https://www.google.com/webmasters/tools/spamreport will probably get you deleted from Google, as you wish!
I think John Lilburne is right that the robots.txt has to cover all possible URL combinations. In further testing to check the dates of the web-pages on my site indexed on Google, the cached option shows that Google last crawled my web-site on 13-Feb! So my robots.txt is either broken or Google doesn't respect it. I'll modify the robots file and then monitor Google for a few years........
Just have your webserver block anything that says it's from GoogleBot.
Easy enough with apache.
The stories are indexed by Google, the comments are not. This is done in robots.txt
>report yourself to Internet Watch, which campaigns against child pornography.
Hmm... novel... methinks the "cure" could prove worse than the "disease"
> Regardless of robots.txt Google spiders the pages
It doesn't on my sites.
Google in its turn will say: "OK, we will not list any content of you in the search results"? I think in the end the publisher will suffer even more. And google could start asking money for indexing their website and showing it in the results. And as a side note, are these the same publishers who make their online money through Google AdWords?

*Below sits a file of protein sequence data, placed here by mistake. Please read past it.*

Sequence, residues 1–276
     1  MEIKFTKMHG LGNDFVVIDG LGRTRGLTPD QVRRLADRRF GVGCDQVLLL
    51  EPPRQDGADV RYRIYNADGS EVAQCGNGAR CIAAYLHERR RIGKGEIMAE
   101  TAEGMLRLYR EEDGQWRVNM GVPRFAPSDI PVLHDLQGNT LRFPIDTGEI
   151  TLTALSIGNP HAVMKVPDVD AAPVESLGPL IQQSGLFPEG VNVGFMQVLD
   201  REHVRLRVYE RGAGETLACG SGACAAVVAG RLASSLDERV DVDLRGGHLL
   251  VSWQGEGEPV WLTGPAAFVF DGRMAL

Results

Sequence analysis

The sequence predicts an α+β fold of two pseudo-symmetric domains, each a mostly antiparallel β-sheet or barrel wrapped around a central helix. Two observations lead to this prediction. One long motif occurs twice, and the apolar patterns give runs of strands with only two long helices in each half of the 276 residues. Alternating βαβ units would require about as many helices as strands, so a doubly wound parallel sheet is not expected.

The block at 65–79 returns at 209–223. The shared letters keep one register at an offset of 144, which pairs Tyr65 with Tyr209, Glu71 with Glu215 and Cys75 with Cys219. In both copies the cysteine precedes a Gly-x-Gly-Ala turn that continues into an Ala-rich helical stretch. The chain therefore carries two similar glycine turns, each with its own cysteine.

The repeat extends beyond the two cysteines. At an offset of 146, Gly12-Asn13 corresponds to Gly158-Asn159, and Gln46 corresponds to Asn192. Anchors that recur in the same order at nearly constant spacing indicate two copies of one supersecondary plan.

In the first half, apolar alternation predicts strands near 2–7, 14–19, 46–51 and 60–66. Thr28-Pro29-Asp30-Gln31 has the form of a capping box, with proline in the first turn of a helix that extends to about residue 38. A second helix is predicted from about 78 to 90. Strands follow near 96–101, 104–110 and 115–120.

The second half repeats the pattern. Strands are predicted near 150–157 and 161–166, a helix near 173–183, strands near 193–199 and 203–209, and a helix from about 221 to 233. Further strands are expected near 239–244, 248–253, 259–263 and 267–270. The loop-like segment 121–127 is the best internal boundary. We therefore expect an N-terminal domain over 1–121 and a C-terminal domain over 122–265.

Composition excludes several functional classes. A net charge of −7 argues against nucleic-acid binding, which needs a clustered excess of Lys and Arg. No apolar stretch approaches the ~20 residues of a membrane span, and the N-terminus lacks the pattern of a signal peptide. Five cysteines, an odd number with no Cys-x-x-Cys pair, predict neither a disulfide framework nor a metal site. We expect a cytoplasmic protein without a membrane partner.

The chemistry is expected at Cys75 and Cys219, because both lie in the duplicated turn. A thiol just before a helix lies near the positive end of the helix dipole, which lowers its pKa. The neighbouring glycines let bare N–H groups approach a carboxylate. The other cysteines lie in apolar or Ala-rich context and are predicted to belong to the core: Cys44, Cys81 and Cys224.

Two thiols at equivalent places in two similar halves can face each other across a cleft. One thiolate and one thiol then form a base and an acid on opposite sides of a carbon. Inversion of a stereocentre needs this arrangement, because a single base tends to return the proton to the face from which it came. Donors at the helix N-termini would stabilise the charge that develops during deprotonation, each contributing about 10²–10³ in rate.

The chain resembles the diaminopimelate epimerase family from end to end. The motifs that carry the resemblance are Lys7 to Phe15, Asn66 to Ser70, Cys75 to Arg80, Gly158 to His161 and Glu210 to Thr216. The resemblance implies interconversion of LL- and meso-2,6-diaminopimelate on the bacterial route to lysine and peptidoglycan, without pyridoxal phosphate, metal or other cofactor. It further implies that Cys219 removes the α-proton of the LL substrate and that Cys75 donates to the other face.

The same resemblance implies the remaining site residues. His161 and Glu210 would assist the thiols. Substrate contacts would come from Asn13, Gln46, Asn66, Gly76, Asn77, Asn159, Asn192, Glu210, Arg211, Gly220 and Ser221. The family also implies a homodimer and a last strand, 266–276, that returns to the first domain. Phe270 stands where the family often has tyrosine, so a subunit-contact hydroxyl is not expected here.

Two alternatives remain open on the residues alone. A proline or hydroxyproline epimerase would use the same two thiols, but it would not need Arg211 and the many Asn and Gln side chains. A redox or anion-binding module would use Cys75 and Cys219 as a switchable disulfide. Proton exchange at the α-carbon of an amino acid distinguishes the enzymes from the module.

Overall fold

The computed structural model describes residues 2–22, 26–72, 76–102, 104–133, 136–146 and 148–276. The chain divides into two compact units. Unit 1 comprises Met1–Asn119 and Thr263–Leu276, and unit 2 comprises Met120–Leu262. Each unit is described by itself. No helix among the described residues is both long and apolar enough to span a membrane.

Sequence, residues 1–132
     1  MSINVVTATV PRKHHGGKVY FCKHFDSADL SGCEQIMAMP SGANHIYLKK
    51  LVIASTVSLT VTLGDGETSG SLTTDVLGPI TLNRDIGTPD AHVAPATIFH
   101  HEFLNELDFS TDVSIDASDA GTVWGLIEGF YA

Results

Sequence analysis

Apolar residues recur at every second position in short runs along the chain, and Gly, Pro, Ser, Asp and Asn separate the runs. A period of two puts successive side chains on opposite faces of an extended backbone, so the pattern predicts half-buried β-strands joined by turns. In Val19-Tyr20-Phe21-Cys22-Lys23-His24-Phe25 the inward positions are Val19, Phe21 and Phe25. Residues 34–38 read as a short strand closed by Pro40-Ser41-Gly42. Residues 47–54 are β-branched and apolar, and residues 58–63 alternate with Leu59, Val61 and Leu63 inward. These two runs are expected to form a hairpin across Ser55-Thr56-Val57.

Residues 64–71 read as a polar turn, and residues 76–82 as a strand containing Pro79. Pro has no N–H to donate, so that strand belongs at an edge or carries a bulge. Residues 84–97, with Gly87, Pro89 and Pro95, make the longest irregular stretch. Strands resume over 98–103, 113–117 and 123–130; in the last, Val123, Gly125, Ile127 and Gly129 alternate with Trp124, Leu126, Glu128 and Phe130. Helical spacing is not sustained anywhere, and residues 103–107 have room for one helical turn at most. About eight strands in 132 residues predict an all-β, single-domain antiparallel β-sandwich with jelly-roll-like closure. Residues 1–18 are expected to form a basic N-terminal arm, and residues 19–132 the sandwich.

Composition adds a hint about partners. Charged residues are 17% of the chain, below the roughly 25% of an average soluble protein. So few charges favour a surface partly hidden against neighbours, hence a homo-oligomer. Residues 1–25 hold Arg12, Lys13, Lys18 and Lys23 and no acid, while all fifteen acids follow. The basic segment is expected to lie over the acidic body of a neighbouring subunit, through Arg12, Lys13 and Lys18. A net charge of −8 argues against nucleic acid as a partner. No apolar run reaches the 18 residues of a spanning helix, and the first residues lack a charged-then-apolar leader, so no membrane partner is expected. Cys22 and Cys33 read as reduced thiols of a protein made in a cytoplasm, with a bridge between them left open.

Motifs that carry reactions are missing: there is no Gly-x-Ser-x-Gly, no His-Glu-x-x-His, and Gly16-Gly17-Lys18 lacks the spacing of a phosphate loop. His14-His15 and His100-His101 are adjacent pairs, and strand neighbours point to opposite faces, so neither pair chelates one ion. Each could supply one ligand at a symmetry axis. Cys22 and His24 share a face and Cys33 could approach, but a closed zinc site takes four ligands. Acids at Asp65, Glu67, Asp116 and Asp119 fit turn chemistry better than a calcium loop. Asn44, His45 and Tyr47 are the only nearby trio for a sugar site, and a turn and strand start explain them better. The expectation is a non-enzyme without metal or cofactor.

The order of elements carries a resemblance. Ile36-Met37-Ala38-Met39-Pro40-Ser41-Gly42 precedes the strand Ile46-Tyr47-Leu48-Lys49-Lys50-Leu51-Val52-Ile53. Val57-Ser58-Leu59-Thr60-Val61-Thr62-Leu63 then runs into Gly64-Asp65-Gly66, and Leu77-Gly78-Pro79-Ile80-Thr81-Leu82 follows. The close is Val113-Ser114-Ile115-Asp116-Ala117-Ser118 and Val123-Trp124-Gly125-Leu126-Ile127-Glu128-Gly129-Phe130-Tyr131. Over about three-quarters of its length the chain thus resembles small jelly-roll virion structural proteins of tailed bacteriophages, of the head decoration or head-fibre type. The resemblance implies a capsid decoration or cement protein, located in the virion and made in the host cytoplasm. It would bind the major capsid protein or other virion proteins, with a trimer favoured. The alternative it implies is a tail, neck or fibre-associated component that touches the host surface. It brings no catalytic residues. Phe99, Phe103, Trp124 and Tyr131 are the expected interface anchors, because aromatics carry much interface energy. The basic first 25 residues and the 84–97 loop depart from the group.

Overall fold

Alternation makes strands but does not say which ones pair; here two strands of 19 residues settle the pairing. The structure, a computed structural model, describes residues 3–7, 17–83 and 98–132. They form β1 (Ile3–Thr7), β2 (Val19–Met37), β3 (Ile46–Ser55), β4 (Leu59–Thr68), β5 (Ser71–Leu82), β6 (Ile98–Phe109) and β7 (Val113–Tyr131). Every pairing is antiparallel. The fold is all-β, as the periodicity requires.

Can't seem to reply to or download the drivel.
I for one welcome any democratic government's attempts to curtail the thieving, tax avoiding, and criminal activitoes of Google.
Typo's aside, tax avoidance is not illegal. It can be argued that the UK's synthetically low corporate tax is in fact an invitation to it, okay the EU tentacle of Google is registered in even more accountant friendly Ireland but for the same reasons. Google does not engage in theft. Be interesting to know what other "criminals activities" you think it's involved in, bear in mind that this would leave you open to charges of slander in the "any democratic government".
Not that I'm whitewashing Google - the collection of WiFi data certainly does not fall into the category "do no evil" but it wasn't necessary illegal either hence no criminal charges.
No, the problem for the newspapers is that they have for years failed to come up with a viable model for the internet. Laws like this or the DMCA are only sticking plasters that will invite abuse whilst at the same time fail to protect the underlying business.
John Lilburne is a known copyright troll down there with the likes of Turtle and PirateSlayer et. al. and, like them, probably an RIAA / MPAA staffer. His brain cell likely isn't capable of assimilating the concept of publicity and revenue provided by big search engines linking to content, because all it's capable of is something like, "duh, it's all mine and I don't want anyone to see it without paying, duh..."
Just ignore him. If you can be bothered wasting the few seconds it takes, downvote him if it helps you feel a bit better after being subjected to his drivel. ;)